Colorado-Utah 2010 Trip - Day 7

Thursday, May 27th – Denver, CO to Grand Junction, CO

We started the day early, leaving about 6 a.m., and rode south to Colorado Springs for breakfast at the local Cracker Barrel.  Afterwards, we headed west on US 24 toward our immediate destination, the Florissant Fossil beds National Monument.  Florissant has many examples of fossils, mostly fossilized insects.  However. the most impressive display was the three fossilized redwood tree stumps that they have uncovered.  According to the park ranger, the Sierra Madre mountain range had not yet uplifted 35 million years ago.  As a result, the storms that came ashore from the Pacific did not rain until they encountered the Rocky Mountains.  As a result, they had more than enough water available to support redwood trees.

After leaving Florissant, we continued west on US 24.  We crested a hill and before us was an incredible view of the middle range of the Colorado Mountains (the mid-range 14s, meaning the peaks higher than 14,000 feet).  The panoramic shot below, which covers a 150 degree span, speaks for itself (keep in mind this was a hazy day, due to a forest fire somewhere in mid-Colorado).

After a brief stop for pictures, we continued our ride to Hartsel, Buena Vista, and then south on US 285 to Salida, where we stopped for lunch at the Country Bounty Restaurant.  The Country Bounty is reported to have the best elk burgers in Colorado, and yes, they are very good.  Even better than the elk burgers are their home-made pies.

Leaving Salida, we continued west on US Highway 50.  For our trip west to Grand Junction, John had originally wanted us to go through Independence Pass, but it was still closed from the winter snows.  Instead, we had to settle for Monarch Pass.  We continued to follow US 50 and made the climb up to the Continental Divide at Monarch Pass.

After our stop at Monarch Pass, we headed down the other side, went through the town of Gunnison,  and eventually reached Blue Mesa Lake, a large man-made reservoir.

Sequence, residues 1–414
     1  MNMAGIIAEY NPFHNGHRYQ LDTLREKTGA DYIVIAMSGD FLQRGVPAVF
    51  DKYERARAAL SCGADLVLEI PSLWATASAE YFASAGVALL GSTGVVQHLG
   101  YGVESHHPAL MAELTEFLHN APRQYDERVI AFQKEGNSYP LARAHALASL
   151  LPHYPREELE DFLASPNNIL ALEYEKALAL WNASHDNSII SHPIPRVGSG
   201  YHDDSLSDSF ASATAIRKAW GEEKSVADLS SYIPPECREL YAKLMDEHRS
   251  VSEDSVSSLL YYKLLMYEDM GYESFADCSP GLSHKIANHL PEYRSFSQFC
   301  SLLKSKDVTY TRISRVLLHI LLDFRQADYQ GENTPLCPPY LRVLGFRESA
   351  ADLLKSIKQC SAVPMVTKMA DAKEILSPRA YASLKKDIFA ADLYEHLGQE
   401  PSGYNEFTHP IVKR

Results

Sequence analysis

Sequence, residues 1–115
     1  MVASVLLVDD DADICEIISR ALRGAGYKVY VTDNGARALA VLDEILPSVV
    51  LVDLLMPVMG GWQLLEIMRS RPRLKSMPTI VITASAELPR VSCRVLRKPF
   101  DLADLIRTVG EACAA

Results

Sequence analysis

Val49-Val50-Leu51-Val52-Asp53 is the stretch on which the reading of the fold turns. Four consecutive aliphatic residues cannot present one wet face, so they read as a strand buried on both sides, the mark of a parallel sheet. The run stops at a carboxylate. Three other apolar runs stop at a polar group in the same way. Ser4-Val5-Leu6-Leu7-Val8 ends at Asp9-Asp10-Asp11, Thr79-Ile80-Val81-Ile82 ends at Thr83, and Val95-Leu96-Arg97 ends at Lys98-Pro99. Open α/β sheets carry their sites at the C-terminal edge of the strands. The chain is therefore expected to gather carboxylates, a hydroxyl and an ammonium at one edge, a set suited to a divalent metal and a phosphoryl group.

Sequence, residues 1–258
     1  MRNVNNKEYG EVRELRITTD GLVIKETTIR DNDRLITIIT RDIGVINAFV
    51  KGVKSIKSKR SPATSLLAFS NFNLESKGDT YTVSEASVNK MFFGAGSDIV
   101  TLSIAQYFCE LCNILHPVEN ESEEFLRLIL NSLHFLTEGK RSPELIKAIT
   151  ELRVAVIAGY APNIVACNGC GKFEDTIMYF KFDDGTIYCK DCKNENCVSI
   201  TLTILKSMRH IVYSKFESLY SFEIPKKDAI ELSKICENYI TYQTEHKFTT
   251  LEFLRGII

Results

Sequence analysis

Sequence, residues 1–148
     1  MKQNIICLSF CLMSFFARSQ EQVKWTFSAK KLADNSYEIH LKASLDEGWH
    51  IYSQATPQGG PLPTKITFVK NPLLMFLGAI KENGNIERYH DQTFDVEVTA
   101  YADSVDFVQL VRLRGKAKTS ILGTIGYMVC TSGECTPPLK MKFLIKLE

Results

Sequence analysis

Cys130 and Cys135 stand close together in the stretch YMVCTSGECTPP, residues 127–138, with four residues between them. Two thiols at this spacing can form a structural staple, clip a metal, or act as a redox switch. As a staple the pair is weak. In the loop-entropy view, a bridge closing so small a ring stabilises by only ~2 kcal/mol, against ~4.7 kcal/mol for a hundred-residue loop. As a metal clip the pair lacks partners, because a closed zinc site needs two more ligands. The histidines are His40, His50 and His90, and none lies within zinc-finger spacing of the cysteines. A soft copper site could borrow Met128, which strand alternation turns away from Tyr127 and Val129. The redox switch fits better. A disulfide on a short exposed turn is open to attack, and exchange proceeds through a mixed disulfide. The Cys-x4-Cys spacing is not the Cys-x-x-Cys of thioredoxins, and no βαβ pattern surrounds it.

At Blue Mesa, we decided to follow US 92, which travels along the north side of the Gunnison River, as it enters Black Canyon National Park.  Since I had previously visited Black Canyon National Park on two occasions, we decided not stop there again -- a shame, because the 2100 foot deep canyon really is an amazing sight.  We later reached Hotchkiss, continued west on US 92 to near Delta, and then turned northward on CO 65 to head over Grand Mesa.  As we rode higher, we began passing through Aspens groves, and as we continued to higher elevation, the Aspens gave way to Douglas Firs and Spruce.  By then, the temperature had dropped to the upper 50s.  We stopped at the Grand Mesa Visitor's Center, but it was still closed.  As you can see from the picture, the lake at the visitor's center was still frozen, the top of Grand Mesa was still covered in snow,

Descending from Grand Mesa, the temperature climbed back to the mid-to-upper 80s.  We eventually descended into a canyon, with CO 65 winding its way through the canyon along the river that flowed through.  By the time we reached Interstate 70, the temperature had climbed to 95 degrees (this was at approximately 7:30 p.m.), and we drove the 20 miles or so to Grand Junction, Colorado, where we stopped for dinner before heading to our hotel in nearby Fruita.  It was a great start to our trip!